The Art of Bookbinding/Chapter 19

From Wikisource
Jump to: navigation, search
The Art of Bookbinding by Joseph William Zaehnsdorf
Chapter XIX.

CHAPTER XIX.


Preparing for Covering.


Nearly all modern books are bound with hollow backs, except where the books are sewn for flexible work or otherwise meant to have tight backs.

Much of the paper used at the present day is so hard, that the binder is almost forced to make a hollow back, in order that the book may open.

The head-band is first set with glue, if worked, by gluing the head and tail, and with a folder the head-band is made to take the same form as the back. This is to be done by holding the book in the left hand with its back on the press, then a pointed folder held in the right hand is run round the beading two or three times to form it; the silk on the back is then rubbed down as much as possible to make all level and even, and the book is allowed to dry. When dry it is pat into the lying press to hold it, and the back is well glued all over; some paper, usually brown, is now taken, the same length as the book, put on the back, and rubbed down well with a thick folder: a good sized bone from the ribs of beef is as good as anything. The overplus of the paper is now to be cut away from the back, except the part projecting head and tail. A second coat of glue is now put on the top of the brown paper and another piece is put on that, but not quite up to the edge on the left hand side. When this is well rubbed down it is folded evenly from the edge on the right side over to the left, the small amount of glued space left will be found sufficient to hold it down; the top is again glued and again folded over from left to right, and cut off level by folding it back and running a sharp knife down the fold. This is what is generally termed "two on and two off," being of course two thicknesses of paper on the back and two for the hollow; but thin or small books need only have one on the back and two for the hollow. Thick or large books should have more paper used in proportion to their size. Books that have been over-cast in the sewing should have rather a strong lining-up, so that there be not such a strain when the book is opened. When the whole is dry, the overplus of the paper, head and tail, is to be cut off close to the head-band.

I need hardly say that the better the paper used the more easy will be the working of it. Old writing or copybook paper will be found to be as good as any, but good brown paper is, as I have said before, mostly used.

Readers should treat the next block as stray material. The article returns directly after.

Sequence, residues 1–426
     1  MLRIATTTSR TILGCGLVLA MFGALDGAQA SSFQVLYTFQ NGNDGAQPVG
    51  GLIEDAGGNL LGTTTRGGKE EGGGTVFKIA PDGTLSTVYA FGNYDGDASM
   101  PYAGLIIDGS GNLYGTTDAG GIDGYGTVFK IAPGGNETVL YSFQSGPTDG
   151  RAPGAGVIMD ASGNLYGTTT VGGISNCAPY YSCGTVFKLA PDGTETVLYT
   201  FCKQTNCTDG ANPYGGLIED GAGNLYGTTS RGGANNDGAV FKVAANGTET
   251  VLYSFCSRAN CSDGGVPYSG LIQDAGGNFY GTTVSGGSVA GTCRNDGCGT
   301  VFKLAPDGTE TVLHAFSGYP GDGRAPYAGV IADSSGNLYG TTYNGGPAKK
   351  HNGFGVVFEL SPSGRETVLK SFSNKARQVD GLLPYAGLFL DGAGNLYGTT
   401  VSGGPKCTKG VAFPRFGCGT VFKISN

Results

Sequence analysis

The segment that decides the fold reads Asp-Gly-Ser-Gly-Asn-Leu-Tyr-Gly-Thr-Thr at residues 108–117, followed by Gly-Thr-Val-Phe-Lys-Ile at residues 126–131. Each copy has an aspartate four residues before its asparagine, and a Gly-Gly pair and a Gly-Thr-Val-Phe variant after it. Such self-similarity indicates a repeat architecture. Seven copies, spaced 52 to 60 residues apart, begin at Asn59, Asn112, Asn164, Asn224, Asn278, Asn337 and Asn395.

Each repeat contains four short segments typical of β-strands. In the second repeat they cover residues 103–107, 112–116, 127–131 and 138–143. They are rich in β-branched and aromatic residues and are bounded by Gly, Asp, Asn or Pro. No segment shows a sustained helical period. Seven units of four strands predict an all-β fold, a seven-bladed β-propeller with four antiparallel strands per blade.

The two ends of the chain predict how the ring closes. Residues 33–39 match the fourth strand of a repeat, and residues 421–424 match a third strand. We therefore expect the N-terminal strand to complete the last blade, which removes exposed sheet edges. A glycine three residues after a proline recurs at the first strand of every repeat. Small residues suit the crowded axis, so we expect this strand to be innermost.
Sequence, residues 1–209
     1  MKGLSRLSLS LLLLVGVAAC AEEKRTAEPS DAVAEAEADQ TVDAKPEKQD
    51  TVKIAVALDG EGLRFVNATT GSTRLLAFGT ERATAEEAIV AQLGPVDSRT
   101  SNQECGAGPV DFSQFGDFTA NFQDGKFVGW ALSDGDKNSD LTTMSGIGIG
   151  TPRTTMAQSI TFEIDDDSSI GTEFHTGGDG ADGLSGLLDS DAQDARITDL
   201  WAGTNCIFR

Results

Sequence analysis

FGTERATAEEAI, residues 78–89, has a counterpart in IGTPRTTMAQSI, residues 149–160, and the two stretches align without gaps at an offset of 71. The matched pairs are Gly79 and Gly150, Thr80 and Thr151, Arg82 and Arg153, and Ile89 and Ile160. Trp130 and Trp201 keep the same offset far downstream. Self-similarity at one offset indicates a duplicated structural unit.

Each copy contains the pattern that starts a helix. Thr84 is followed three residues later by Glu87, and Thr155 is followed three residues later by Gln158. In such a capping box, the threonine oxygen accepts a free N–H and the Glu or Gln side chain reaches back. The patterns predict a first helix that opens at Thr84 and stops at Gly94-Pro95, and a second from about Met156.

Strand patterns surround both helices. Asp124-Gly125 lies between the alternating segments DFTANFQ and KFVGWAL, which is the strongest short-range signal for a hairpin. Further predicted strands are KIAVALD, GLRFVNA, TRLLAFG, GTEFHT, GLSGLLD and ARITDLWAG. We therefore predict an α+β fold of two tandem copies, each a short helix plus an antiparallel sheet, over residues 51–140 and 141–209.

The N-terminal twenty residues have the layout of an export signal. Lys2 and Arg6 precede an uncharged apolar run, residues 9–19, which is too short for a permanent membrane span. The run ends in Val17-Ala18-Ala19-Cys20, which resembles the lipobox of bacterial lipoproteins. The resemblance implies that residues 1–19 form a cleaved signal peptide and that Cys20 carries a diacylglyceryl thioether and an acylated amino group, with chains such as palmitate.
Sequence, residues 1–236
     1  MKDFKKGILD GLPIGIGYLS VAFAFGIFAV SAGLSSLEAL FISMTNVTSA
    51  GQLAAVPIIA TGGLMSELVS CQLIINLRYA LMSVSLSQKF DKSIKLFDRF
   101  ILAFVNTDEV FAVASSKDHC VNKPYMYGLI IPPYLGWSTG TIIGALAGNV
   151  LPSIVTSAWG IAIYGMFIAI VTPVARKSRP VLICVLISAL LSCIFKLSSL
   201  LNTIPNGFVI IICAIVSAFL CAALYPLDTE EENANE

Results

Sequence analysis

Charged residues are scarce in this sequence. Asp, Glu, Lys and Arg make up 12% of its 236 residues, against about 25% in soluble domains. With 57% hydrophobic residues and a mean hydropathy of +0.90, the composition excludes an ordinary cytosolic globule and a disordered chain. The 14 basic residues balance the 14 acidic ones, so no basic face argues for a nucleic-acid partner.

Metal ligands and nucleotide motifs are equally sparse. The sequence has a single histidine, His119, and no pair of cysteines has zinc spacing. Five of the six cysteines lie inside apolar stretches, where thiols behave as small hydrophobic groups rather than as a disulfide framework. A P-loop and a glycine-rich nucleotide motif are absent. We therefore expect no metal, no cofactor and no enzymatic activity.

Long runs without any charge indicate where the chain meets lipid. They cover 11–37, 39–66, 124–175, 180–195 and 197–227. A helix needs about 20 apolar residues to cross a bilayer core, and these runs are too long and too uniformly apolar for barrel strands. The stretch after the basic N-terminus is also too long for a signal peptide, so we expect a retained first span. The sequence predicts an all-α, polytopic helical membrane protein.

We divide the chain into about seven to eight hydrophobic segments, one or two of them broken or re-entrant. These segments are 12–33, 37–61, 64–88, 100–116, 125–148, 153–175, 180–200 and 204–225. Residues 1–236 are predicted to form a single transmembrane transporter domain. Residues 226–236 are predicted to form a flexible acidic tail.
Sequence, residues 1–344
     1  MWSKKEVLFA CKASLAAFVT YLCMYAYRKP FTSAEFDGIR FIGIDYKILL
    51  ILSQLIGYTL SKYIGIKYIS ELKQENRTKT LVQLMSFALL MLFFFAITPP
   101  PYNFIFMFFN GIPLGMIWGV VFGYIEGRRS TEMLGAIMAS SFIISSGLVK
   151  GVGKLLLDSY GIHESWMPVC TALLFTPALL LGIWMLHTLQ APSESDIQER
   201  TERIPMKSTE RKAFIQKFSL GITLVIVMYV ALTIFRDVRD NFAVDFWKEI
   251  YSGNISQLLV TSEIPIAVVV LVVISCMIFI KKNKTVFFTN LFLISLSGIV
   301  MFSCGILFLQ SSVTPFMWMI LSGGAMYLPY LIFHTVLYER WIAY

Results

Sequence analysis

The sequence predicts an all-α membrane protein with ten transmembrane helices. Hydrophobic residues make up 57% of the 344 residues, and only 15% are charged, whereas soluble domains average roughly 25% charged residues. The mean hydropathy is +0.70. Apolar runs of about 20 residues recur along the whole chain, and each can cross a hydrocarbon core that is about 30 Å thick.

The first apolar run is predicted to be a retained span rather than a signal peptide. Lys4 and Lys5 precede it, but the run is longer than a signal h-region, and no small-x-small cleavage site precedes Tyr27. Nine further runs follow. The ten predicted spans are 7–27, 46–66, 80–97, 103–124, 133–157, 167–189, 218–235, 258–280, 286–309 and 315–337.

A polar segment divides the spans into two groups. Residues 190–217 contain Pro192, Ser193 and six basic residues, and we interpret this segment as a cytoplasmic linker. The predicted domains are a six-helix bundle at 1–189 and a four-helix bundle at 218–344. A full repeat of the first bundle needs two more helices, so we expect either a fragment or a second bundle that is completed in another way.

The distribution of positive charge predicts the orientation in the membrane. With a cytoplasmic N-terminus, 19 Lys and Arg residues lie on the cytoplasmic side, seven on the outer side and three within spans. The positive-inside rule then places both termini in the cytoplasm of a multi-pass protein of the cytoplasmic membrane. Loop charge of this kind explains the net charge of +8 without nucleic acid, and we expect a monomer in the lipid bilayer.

The book is now ready for putting the bands on. These are prepared beforehand by sticking with glue two or three pieces of leather together or on a piece of paper, well pressing it, and then allowing it to dry under pressure. The paper must then be glued twice, allowing each coat to dry before gluing again. It should then be put on one side for future use, and when wanted, the proper thickness is chosen and cut into strips of a width to correspond with the size of the book. The book is now to be marked up, five bands being the number generally used, leaving the tail a little longer than the other portions. The strips of band are then to be moistened with a little hot water to cause the glue upon the paper to melt. Each piece is then to be fixed upon the back just under the holes made with the compasses in marking-up. This will be found to be a far better plan than to first cut the strips and then to glue them. By the latter plan the glue is liable to spread upon the side, where it is not wanted, and if the book has to be covered with light calf, it will certainly be stained black: so the coverer must be careful that all glue is removed from the back and sides before he attempts to cover any of his books with calf. It is rather provoking to find some favourite colour when dry, having a tortoiseshell appearance, which no amount of washing will take out. When dry the ends of the bands are to be cut off with a bevel, and a little piece of the boards from the corners nearest the back also taken off on the bevel, that there may not be a sharp point to fret through the leather when the book is opened. This is also necessary so that the head-band may be properly set. A sharp knife should be inserted between the hollow and should separate it from the back at head and tail on each side so far as to allow the leather to be turned in. Morocco may have the back glued, as it will not show through, and will facilitate the adhesion of the leather.

Flexible Work.—This class of work is not lined-up. The leather is fastened directly upon the book; the head-band is set as before explained, and held tight by gluing a piece of fine linen against it, and when quite dry, the overplus is to be cut away, and the back made quite smooth. The bands are then knocked up gently with a blunt chisel to make them perfectly straight, being first damped and made soft with a little paste to facilitate the working and to prevent the thread from being cut. Any holes caused by sawing-in, in previous binding, must be filled up with a piece of frayed cord, pasted. Any holes thus filled up must be made quite smooth when dry, as the least unevenness will show when the book is covered.

In "throw up" backs, or in "flexible not to show," a piece of thin linen (muslin) or stuff called mull is glued on the back first, and one piece of paper on the top. For the hollow, three, four, or even five pieces are stuck one on the other, so that it may be firm; whilst the book itself will be as if it had a flexible back. The bands, if any, are then to be fastened on, and the corners of the boards cut off. It is then ready for covering. "Mock flexible" has generally one piece of paper glued on the back, and when marked-up, the bands are put on as before, and the book covered.